In East Africa, Mt. Kenya almost straddles the Equator with its eternal snows. A little to the north is an upland wilderness area and this is where both Lewa Wildlife Conservancy and Lewa House are located. Surrounded by majestic scenery, Lewa House sits in the middle of the conservancy and is home to fourth generation Kenyan, Sophie and her husband Calum MacFarlane.
Inevitably we immediately got chatting about the weather thanks to a video Calum had sent to me a short time before we spoke. So we jump right on in and catch up with the rains down in Africa.
We continue to talk about the history of Lewa, what the wildlife might have been like 100 years ago and how the house was built, plus how Sophie and Calum turned it into a welcoming and homely safari lodge. We share the wide range of safari activities available from Lewa House.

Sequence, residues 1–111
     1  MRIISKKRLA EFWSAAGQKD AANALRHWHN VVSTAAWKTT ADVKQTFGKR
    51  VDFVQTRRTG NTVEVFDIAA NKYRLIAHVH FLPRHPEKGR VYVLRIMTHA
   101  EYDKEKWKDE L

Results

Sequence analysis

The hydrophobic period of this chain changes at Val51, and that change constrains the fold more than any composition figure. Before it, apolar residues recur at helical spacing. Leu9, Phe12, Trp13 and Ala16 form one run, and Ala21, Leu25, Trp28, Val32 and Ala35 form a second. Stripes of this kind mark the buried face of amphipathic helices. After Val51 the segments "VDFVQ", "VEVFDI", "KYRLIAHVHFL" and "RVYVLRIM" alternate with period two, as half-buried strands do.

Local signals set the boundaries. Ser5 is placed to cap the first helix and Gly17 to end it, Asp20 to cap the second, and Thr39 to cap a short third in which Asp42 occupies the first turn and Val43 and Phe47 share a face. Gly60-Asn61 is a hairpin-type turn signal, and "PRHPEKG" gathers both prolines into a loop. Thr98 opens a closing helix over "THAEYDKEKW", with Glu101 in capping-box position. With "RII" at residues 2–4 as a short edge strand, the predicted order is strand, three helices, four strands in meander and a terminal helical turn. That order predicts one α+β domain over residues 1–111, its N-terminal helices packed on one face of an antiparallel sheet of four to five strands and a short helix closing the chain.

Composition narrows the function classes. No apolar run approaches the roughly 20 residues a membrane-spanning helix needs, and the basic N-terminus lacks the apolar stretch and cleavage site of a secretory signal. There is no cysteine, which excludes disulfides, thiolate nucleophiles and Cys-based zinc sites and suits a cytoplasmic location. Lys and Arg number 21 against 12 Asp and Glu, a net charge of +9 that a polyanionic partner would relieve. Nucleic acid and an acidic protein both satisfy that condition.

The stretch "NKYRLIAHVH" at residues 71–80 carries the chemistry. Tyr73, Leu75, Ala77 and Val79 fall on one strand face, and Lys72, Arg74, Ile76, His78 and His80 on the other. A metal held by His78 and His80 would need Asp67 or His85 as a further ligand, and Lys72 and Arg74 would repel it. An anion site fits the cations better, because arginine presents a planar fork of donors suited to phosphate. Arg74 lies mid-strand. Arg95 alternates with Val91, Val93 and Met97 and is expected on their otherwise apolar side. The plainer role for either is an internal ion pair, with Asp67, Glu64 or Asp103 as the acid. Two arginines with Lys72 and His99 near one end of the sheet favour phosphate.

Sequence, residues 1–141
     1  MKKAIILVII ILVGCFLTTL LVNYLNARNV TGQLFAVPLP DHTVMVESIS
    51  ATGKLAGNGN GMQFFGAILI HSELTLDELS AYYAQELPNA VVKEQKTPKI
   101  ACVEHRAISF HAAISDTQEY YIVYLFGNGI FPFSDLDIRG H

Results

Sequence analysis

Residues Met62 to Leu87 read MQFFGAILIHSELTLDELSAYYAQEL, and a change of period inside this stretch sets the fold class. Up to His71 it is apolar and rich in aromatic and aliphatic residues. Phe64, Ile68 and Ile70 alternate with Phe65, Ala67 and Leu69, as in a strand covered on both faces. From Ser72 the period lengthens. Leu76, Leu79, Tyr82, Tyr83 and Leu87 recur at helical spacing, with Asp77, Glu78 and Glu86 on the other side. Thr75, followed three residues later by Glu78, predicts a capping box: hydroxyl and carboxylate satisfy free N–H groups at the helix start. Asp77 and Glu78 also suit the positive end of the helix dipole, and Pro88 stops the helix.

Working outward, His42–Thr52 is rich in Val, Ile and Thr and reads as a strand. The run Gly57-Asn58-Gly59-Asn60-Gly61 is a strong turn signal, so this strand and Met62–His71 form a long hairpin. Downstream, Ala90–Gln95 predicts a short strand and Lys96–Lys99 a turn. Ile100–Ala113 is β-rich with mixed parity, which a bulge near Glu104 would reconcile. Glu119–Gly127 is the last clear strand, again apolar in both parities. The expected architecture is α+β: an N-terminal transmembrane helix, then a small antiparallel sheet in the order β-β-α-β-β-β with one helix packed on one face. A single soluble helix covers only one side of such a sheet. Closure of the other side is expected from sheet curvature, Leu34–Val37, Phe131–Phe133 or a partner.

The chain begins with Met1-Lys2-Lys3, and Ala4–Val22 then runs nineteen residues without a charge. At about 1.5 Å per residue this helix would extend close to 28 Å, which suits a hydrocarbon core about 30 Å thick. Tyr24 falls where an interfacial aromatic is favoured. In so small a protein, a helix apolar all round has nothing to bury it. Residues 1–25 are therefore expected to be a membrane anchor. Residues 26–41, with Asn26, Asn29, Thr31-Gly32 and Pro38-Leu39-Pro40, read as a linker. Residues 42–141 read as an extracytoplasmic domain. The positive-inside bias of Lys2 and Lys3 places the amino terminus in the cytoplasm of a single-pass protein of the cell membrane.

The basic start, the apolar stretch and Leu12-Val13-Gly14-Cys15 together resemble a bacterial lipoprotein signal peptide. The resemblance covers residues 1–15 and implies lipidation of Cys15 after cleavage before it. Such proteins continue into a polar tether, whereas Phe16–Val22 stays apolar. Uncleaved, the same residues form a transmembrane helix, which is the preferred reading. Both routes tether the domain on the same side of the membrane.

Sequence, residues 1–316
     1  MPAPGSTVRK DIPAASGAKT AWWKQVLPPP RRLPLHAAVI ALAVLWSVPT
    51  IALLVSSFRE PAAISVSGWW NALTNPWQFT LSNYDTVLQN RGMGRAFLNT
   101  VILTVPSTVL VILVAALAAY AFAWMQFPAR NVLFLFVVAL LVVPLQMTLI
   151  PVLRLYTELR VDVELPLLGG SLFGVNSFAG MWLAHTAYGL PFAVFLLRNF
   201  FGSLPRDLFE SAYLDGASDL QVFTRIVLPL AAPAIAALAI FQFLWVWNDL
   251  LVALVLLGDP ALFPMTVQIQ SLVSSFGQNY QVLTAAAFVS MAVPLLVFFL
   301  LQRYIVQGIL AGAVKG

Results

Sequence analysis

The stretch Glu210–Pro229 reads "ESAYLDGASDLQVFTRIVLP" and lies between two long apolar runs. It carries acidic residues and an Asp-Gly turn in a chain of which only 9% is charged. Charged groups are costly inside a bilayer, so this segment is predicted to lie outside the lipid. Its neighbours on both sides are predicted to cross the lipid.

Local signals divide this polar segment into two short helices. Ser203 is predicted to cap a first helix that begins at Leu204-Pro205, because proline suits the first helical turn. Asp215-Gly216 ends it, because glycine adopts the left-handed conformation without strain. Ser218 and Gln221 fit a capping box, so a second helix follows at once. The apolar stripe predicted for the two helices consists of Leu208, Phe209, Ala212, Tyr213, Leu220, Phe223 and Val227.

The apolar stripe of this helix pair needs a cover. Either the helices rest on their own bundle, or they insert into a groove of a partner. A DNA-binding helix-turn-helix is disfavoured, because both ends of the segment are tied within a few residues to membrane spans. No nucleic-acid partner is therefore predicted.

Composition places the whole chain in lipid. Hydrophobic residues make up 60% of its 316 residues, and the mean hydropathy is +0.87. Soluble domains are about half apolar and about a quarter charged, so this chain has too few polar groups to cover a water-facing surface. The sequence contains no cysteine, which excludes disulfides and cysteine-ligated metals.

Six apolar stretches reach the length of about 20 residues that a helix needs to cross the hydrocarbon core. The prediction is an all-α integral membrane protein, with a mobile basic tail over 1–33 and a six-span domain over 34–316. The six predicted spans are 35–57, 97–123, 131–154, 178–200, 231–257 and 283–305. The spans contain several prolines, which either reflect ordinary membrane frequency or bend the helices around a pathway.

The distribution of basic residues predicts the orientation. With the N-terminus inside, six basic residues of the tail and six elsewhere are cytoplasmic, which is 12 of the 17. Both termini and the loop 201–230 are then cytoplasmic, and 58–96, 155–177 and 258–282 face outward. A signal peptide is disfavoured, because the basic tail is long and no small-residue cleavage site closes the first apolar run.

Of course we talk about endangered black rhinos and Grevy's zebras but also about what it is like to be out on safari and the effect that has on visitors. Walking safaris are a specialty of Calum and we learn a little about how they work in the quieter areas of Lewa.
We also discuss bird watching and how birds add so much more to the landscape and wild-scape of the place.
Lewa House has extremely strong ties with the local community and we talk through some of the projects they are involved with and how these ultimately help conservation of the wildlife. You will get a clear indication that wildlife tourism of this nature is highly important to the conservation of species.
In Part 2 next week we talk more about Lewa Wildlife Conservancy.
Given that we are still enduring coronavirus and resources in Africa are really stretched, if you would like to help support wildlife conservation at Lewa then you can find more information at https://www.lewa.org/lifeline/
If you are active then Lewa has a virtual marathon, the real one was cancelled this year; it is in conjunction with Tusk Trust and details can be found here: https://www.lewasafarimarathon.com/ .